Mutagenesis of the human immunodeficiency virus reverse transcriptase p51 subunit defines residues contributing to vinylogous urea inhibition of Ribonuclease H activity.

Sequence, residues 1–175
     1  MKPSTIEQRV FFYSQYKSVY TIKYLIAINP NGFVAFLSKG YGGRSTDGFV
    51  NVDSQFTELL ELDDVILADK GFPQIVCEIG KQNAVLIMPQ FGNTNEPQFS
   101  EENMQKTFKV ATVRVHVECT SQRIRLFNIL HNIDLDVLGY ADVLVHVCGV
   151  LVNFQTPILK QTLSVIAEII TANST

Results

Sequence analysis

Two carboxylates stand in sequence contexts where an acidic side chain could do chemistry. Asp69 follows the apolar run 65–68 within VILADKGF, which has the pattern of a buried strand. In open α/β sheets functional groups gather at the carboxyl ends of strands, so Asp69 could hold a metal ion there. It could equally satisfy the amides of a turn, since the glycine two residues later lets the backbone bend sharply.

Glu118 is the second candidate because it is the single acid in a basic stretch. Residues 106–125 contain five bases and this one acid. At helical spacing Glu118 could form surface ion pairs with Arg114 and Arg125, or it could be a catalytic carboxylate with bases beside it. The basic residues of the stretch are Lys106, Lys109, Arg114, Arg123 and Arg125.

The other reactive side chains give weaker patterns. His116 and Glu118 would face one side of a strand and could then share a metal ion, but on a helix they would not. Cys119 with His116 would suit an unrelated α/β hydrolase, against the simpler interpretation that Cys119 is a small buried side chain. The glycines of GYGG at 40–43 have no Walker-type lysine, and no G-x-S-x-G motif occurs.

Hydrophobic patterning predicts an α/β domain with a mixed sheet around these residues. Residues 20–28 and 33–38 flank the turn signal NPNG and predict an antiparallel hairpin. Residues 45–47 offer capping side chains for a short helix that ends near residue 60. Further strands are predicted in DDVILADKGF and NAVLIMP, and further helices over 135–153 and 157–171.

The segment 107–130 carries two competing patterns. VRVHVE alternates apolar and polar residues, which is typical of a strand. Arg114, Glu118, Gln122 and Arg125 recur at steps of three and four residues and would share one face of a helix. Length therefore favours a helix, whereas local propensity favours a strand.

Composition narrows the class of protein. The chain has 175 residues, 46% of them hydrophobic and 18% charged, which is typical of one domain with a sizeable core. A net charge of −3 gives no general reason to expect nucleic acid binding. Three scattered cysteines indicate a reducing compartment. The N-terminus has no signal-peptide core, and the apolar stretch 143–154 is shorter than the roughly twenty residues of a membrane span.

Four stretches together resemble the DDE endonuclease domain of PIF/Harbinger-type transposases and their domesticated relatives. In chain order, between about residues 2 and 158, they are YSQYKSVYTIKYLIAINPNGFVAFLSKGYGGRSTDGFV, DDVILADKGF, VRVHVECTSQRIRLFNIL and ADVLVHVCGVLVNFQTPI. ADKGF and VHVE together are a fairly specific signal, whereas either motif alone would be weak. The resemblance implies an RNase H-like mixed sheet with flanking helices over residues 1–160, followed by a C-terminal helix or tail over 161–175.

The vinylogous urea, NSC727447 was proposed to allosterically inhibit ribonuclease H (RNase H) activity of human immunodeficiency virus Type 1 reverse transcriptase (HIV-1 RT) by interacting with the thumb subdomain of its non-catalytic p51 subunit. Proximity of the p51 thumb to the p66 RNase H domain implied that inhibitor binding altered active site geometry, while protein footprinting suggested a contribution from α-helix I residues Cys280 and Lys281. To more thoroughly characterize the vinylogous urea binding site, horizontal alanine scanning mutagenesis between p51 residues Lys275 and Thr286, (comprising α-helix I and portions of the neighboring αH/αI and αI/αJ connecting loops) was combined with a limited vertical scan of Cys280. A contribution from Cys280 was strengthened by our observation that all substitutions at this position rendered selectively-mutated, reconstituted p66/p51 heterodimers ~45-fold less sensitive to inhibition. An ~19-fold reduced IC50 for p51 mutant Thr286Ala, coupled with a 2- to 8-fold increased IC50 when intervening residues were substituted, supports our original proposal of p51 α-helix I as the vinylogous urea binding site. In contrast to these allosteric inhibitors, mutant enzymes retained equivalent sensitivity to the natural product α-hydroxytropolone inhibitor manicol, which x-ray crystallography has demonstrated functions by chelating divalent metal at the p66 RNase H active site. Finally, reduced DNA strand-transfer activity, together with increased vinylogous urea sensitivity of p66/p51 heterodimers containing short p51 C-terminal deletions, suggests an additional role for the p51 C-terminus in nucleic acid binding that is compromised by inhibitor binding.




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